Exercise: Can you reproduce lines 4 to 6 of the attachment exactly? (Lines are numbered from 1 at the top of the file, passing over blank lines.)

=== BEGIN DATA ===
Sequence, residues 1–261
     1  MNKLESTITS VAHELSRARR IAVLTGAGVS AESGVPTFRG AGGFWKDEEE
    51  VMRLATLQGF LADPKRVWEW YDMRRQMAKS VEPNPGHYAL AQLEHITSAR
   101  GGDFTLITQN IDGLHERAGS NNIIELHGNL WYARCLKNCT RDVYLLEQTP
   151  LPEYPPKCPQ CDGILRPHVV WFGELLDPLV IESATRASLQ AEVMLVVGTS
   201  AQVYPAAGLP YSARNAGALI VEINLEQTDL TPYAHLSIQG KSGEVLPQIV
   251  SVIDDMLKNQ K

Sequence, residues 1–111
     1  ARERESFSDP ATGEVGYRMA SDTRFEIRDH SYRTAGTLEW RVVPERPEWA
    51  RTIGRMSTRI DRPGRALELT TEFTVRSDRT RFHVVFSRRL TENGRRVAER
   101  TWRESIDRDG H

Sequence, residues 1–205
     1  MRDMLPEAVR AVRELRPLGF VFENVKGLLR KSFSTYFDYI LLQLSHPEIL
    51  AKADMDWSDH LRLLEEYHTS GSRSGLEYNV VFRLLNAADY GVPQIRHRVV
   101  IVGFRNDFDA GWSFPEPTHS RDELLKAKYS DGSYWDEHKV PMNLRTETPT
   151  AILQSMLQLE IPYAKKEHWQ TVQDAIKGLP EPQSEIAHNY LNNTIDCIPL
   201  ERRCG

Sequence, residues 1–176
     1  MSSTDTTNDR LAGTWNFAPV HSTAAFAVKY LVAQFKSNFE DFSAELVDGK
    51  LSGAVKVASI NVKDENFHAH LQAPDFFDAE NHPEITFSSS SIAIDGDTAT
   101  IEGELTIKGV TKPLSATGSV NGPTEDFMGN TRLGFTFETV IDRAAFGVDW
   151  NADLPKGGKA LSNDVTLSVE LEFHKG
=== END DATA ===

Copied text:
   101  GGDFTLITQN IDGLHERAGS NNIIELHGNL WYARCLKNCT RDVYLLEQTP
   151  LPEYPPKCPQ CDGILRPHVV WFGELLDPLV IESATRASLQ AEVMLVVGTS
   201  AQVYPAAGLP YSARNAGALI VEINLEQTDL TPYAHLSIQG KSGEVLPQIV